How Does The Elbow Work?
You probably think the elbow is a simple articulation between the upper arm and the forearm. If so, you would be surprised to know that this single joint is formed by three joints. The forearm contains not only one but two long bones. Thus, the three articulations of the elbow connect both long forearms bones and reach to the upper arm bone. They are called the humeroulnar joint, humeroradial joint, and radioulnar joint.
The humeroulnar and humeroradial joints are critical for elbow flexion and extension. But when you’re rotating the elbow, that’s the humeroradial joint that is mainly working. The radioulnar joint moves when you bring your palms to the front (supination) or the back (pronation). Combining all these articulations, you can have an extensive range of motion, which goes between 5 and 150 degrees when you’re flexing or extending, 80 degrees when you’re taking the palms to the front (supination), and 75 degrees when you’re taking it to the back (pronation).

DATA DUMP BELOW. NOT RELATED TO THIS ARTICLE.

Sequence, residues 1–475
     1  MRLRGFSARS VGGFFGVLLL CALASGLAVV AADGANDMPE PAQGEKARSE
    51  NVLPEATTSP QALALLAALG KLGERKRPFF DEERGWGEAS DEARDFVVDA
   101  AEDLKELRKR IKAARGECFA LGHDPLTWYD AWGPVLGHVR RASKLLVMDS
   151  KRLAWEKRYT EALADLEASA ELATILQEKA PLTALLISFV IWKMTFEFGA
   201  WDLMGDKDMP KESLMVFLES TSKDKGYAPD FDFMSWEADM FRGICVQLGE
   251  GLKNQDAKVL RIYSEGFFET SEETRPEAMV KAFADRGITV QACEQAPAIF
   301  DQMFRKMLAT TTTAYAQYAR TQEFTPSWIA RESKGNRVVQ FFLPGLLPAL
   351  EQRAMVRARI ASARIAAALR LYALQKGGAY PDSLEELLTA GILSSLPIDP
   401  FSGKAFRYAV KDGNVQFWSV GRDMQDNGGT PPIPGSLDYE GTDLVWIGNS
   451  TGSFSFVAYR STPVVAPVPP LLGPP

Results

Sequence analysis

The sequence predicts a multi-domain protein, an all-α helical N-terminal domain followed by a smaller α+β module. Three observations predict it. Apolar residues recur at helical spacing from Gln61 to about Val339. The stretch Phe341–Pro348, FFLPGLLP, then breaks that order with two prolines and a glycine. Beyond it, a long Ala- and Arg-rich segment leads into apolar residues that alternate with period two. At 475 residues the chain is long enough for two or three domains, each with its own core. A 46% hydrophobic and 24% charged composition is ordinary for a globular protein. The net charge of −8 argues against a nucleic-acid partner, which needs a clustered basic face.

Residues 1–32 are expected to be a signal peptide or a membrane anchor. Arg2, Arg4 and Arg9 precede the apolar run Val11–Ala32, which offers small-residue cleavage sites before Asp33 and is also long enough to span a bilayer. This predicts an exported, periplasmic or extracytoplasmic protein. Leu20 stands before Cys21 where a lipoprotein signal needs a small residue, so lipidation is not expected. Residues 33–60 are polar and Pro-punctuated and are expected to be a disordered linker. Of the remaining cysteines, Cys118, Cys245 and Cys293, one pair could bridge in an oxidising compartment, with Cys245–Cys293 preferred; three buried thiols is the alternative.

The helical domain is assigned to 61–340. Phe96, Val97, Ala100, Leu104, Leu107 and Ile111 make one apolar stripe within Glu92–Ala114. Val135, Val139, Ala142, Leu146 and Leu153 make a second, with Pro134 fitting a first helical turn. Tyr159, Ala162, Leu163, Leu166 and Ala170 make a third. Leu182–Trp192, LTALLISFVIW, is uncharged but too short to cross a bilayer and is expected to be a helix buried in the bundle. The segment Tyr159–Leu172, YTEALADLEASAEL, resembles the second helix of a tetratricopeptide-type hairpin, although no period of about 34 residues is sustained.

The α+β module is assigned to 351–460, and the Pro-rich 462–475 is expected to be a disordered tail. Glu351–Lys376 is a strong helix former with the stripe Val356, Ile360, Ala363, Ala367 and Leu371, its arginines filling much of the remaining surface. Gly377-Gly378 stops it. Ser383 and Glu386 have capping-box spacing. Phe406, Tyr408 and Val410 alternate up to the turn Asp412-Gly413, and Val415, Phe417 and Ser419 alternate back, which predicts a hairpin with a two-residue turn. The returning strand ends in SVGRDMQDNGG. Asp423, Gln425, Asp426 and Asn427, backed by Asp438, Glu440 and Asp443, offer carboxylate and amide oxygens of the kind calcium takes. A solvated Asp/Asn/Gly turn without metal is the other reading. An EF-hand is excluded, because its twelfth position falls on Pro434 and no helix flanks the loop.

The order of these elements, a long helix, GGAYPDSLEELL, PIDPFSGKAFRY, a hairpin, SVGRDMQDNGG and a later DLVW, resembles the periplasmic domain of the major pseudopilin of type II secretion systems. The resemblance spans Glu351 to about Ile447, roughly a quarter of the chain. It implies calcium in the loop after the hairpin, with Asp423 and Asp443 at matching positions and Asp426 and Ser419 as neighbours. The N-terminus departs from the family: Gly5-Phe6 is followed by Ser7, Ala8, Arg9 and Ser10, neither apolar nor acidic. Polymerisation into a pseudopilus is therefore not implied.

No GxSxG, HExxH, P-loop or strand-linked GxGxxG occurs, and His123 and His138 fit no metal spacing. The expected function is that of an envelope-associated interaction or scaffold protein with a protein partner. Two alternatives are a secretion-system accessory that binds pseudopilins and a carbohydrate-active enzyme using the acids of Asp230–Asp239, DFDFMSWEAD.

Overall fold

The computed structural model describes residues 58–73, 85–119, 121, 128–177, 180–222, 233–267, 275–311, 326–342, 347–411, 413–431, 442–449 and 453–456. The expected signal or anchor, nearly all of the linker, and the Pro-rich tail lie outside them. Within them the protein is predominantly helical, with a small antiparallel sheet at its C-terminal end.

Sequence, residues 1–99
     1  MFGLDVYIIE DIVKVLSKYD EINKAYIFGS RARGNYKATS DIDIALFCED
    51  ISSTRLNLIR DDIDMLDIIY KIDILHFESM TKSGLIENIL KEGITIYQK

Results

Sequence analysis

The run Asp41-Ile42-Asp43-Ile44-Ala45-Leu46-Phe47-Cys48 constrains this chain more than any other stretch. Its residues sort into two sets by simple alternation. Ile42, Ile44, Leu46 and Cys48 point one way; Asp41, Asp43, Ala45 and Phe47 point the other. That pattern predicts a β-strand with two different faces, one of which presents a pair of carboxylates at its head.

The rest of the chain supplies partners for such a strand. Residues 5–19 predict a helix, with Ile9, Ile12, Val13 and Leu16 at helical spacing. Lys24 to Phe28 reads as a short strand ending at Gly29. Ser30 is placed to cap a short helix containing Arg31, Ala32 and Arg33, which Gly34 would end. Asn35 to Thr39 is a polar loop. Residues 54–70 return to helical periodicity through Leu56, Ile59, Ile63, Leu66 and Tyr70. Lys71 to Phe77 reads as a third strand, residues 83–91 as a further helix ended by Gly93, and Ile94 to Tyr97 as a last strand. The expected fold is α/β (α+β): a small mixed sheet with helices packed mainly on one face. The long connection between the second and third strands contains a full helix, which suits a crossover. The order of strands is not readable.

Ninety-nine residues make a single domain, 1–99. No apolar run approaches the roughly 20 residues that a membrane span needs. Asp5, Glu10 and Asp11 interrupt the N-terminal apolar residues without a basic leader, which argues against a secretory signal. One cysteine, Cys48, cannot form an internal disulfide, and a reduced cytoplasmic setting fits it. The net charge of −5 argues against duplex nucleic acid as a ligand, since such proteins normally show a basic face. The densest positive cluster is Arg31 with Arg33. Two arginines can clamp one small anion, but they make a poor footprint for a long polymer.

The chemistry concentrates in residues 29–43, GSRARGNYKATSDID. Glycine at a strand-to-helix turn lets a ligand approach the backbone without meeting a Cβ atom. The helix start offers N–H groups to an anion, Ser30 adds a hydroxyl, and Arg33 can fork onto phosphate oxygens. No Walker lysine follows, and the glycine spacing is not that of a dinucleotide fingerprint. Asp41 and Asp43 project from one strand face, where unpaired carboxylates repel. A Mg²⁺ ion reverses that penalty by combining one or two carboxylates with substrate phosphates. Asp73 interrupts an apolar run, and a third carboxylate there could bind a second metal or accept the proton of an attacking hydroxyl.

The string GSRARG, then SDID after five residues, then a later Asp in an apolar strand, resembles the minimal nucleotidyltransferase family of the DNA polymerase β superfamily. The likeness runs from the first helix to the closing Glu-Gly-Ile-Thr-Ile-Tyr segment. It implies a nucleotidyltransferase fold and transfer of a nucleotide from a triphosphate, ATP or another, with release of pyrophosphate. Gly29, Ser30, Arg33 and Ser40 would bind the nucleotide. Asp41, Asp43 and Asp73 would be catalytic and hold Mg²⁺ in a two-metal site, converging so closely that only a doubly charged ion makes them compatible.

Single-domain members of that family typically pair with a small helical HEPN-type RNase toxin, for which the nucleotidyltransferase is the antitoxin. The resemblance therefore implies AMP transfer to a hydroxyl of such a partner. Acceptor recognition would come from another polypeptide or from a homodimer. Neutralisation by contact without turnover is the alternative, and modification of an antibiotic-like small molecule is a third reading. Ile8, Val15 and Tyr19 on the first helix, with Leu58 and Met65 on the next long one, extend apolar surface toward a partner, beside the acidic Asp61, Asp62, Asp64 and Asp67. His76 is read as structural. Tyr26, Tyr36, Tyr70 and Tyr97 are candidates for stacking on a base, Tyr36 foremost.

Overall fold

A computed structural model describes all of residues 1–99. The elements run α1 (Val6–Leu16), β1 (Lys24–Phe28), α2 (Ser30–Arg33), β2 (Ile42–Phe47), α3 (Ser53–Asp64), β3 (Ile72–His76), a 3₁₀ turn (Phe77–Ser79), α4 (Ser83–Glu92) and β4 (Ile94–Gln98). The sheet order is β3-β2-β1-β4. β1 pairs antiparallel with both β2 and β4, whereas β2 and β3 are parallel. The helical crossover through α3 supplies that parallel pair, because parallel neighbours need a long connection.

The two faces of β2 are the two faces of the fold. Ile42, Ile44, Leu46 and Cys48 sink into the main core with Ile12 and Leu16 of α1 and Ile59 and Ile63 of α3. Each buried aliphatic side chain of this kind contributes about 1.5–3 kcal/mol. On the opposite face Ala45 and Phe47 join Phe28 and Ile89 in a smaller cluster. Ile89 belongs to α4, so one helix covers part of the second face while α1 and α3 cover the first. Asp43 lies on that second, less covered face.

Besides the bones and articulations, you have plenty of ligaments in the elbow. One of the most important is known as the anterior medial collateral ligament. This ligament provides most of the stability of the articulation as a whole. Another important ligament is the lateral ulnar collateral ligament. They are both very thick and robust and necessary for joint support.
It is also important to know what nerves cross the elbow because trauma and overuse injuries usually affect them and cause very specific signs and symptoms. They are the median nerve, the ulnar nerve, and the radial nerve.